This morning Father Larry said something in his gospel that caught my attention. He mentioned that being a true Christian is probably the hardest life to live. I immediately thought, “No way! Being forced to wear a burka or not being able to drive without my husband’s permission would be way harder than being a Christian!” I also thought about all the polytheistic religions in the world that worship more than one god such as Hinduism and Buddhism, and how difficult it would be for me to believe in more than one god.
But then, as he always does, Father Larry made it all very clear. He went on to explain that the rules of a Christian life often go against today’s way of life. He then suggested we look at the Seven Deadly Sins if we didn’t believe him. Yep, he had me at oh no.
Let’s refresh our memories of those seven sins: lust, greed, gluttony, envy, anger, pride, and sloth. So, if we are to live a true Christian life and follow Christ’s lead, or just be a good person in general really, we are to avoid all of those? Yes, Father Larry, that is quite a challenge. If you don’t agree, you are either living in denial or simply don’t believe.
Most of the seven are fairly self-explanatory, but what about gluttony and sloth? At first thought gluttony conjures up images of large tables of food and people eating to excess. Sloth? I think of that lazy zoo animal. Both, ironically, are somewhat accurate depictions of the sins. Gluttony is basically over-consuming beyond what you really need, food or otherwise, and sloth is not using your talents for good and just being flat out lazy. Yikes. I can be such a sloth!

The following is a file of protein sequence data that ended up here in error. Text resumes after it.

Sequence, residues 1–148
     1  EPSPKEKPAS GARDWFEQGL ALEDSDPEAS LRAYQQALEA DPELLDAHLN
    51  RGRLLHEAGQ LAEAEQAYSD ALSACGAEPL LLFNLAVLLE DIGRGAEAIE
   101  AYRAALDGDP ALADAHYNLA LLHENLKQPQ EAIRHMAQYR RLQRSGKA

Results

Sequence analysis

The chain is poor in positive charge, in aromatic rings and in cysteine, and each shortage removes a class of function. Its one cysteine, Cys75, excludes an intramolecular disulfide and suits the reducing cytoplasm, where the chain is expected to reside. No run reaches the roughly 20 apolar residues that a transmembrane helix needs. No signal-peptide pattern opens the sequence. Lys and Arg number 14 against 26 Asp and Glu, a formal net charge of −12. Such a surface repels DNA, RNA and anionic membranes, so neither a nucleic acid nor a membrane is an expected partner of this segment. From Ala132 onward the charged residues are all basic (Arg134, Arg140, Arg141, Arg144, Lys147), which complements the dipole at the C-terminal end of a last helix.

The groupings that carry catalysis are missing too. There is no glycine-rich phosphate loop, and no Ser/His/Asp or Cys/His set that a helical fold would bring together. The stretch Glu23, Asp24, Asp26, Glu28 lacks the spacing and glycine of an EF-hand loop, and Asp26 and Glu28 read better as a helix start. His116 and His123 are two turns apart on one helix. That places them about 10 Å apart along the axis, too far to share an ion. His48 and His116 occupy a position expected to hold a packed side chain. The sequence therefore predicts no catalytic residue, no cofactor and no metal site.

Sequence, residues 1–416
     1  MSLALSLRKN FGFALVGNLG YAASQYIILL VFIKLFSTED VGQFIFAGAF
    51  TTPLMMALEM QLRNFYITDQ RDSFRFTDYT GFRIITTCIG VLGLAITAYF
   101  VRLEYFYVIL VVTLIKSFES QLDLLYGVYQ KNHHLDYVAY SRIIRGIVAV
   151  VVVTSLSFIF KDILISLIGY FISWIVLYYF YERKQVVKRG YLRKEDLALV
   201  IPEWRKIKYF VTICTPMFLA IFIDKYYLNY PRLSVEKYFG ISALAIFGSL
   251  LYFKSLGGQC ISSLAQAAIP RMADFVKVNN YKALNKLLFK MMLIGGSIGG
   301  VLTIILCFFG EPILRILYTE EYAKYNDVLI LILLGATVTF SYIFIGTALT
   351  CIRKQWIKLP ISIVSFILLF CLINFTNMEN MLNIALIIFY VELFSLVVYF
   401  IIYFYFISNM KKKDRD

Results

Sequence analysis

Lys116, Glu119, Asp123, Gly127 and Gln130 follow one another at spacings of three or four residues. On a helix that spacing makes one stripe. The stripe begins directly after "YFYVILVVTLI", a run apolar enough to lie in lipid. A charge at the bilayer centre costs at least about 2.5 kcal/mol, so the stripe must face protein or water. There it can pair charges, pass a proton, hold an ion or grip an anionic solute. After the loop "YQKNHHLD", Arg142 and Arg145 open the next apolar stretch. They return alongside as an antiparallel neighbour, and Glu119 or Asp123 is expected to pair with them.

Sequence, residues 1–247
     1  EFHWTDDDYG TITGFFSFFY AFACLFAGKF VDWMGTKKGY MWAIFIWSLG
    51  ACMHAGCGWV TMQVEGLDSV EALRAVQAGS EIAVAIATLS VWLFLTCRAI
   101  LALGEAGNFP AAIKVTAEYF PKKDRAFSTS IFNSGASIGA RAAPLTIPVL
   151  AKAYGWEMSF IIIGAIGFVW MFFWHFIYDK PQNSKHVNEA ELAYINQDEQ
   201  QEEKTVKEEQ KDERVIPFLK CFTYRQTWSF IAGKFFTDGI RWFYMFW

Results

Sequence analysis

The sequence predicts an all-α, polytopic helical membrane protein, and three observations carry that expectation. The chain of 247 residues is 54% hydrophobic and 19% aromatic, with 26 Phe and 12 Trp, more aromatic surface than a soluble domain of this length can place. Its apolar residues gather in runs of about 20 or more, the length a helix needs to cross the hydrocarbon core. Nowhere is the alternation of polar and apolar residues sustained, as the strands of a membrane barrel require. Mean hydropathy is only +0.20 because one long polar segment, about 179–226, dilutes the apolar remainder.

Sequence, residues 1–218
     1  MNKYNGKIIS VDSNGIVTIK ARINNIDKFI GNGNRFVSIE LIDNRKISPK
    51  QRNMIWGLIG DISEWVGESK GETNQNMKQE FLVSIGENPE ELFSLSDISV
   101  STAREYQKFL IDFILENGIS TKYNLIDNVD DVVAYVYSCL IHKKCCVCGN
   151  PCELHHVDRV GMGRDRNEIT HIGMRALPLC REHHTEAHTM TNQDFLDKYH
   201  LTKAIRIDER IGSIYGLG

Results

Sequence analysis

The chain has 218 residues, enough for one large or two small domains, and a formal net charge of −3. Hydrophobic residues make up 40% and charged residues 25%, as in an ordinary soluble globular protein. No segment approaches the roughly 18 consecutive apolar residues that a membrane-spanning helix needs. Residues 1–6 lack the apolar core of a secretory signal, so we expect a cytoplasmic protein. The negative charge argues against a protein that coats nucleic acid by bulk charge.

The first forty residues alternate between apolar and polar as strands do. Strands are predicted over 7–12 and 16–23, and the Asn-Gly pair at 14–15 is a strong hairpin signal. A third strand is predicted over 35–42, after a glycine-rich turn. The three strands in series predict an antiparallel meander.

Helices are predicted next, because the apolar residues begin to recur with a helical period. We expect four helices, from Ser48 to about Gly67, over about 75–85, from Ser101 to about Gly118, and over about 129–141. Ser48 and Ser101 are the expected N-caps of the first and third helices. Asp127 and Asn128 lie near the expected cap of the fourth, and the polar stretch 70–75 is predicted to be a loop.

But moving on, who doesn’t let their anger out, show their self-pride, and get a little too comfy sitting on that couch? Well, probably all of us. Most likely we’ve all also been envious, greedy, and either drank or shopped excessively, right?
And for all my Protestant friends who are pulling out their bibles as they read this, no, there isn’t a comprehensive list of the Seven Deadly Sins in the bible, but if you check out both Proverbs 6:16-19 and Galatians 5:19-21 the list of “sins to guard against” and that “I forewarn you about” are eerily similar.
What is in the bible is the Golden Rule: do unto others as you would want others to do unto you.
So there you have it. Written out. Plain and simple. Clear and concise. Or maybe not.
Father Larry joked about how many of us would probably prefer the unwavering rules in the Old Testament over the more eloquent writings of the New Testament in which Jesus often talks in parables. In the Old Testament we of course have only The 10 Commandments:
Pretty cut and dry, right? Catholics, Protestants, and Judaism all follow these rules handed down to Moses from God and when the great prophet addressed the Israelites before they entered the land of Canaan, he urged them to keep all the commands and to “Impress them on your children. Talk about them when you sit at home and when you walk along the road.”